updating attractive: they don't want users to stay on stable or longterm Linux
series that are either abandoned or more than one and a half years old. That's
in everybody's interest, as `those series might have known bugs, security
issues, or other problematic aspects already fixed in later versions
Additionally, the kernel developers want to make it simple and appealing for
users to test the latest pre-release or regular release. That's also in
everybody's interest, as it's a lot easier to track down and fix problems, if
they are reported shortly after being introduced.
Is the "no regressions" rule really adhered in practice?
It's taken really seriously, as can be seen by many mailing list posts from
Linux creator and lead developer Linus Torvalds, some of which are quoted in
Exceptions to this rule are extremely rare; in the past developers almost always
turned out to be wrong when they assumed a particular situation was warranting
an exception.
Who ensures the "no regressions" rule is actually followed?
The subsystem maintainers should take care of that, which are watched and
supported by the tree maintainers -- e.g. Linus Torvalds for mainline and
Greg Kroah-Hartman et al. for various stable/longterm series.
All of them are helped by people trying to ensure no regression report falls
through the cracks. One of them is Thorsten Leemhuis, who's currently acting as
the Linux kernel's "regressions tracker"; to facilitate this work he relies on
regzbot, the Linux kernel regression tracking bot. That's why you want to bring
your report on the radar of these people by CCing or forwarding each report to
the regressions mailing list, ideally with a "regzbot command" in your mail to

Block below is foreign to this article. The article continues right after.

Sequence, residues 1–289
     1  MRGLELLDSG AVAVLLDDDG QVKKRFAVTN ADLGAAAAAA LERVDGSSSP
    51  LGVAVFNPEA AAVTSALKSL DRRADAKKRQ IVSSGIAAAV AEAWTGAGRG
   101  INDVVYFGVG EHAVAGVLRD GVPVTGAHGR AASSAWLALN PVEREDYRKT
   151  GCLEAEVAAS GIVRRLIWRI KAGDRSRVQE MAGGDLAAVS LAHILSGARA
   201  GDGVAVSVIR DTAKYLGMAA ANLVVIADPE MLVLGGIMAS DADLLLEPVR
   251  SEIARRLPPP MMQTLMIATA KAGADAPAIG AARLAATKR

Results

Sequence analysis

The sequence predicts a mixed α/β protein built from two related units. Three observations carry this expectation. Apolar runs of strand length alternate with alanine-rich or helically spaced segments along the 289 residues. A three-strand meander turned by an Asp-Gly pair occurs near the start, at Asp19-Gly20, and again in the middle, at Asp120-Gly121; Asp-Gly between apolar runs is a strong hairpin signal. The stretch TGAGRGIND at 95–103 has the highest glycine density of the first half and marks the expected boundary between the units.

get it tracked immediately.
How quickly are regressions normally fixed?
Developers should fix any reported regression as quickly as possible, to provide
affected users with a solution in a timely manner and prevent more users from
running into the issue; nevertheless developers need to take enough time and
care to ensure regression fixes do not cause additional damage.
The answer thus depends on various factors like the impact of a regression, its
age, or the Linux series in which it occurs. In the end though, most regressions
should be fixed within two weeks.
Is it a regression, if the issue can be avoided by updating some software?
Almost always: yes. If a developer tells you otherwise, ask the regression
tracker for advice as outlined above.
Is it a regression, if a newer kernel works slower or consumes more energy?
Yes, but the difference has to be significant. A five percent slow-down in a
micro-benchmark thus is unlikely to qualify as regression, unless it also
influences the results of a broad benchmark by more than one percent. If in
doubt, ask for advice.
Is it a regression, if an external kernel module breaks when updating Linux?
No, as the "no regression" rule is about interfaces and services the Linux
kernel provides to the userland. It thus does not cover building or running
externally developed kernel modules, as they run in kernel-space and hook into
the kernel using internal interfaces occasionally changed.
How are regressions handled that are caused by security fixes?
In extremely rare situations security issues can't be fixed without causing
regressions; those fixes are given way, as they are the lesser evil in the end.
Luckily this middling almost always can be avoided, as key developers for the
affected area and often Linus Torvalds himself try very hard to fix security
issues without causing regressions.
If you nevertheless face such a case, check the mailing list archives if people
tried their best to avoid the regression. If not, report it; if in doubt, ask
for advice as outlined above.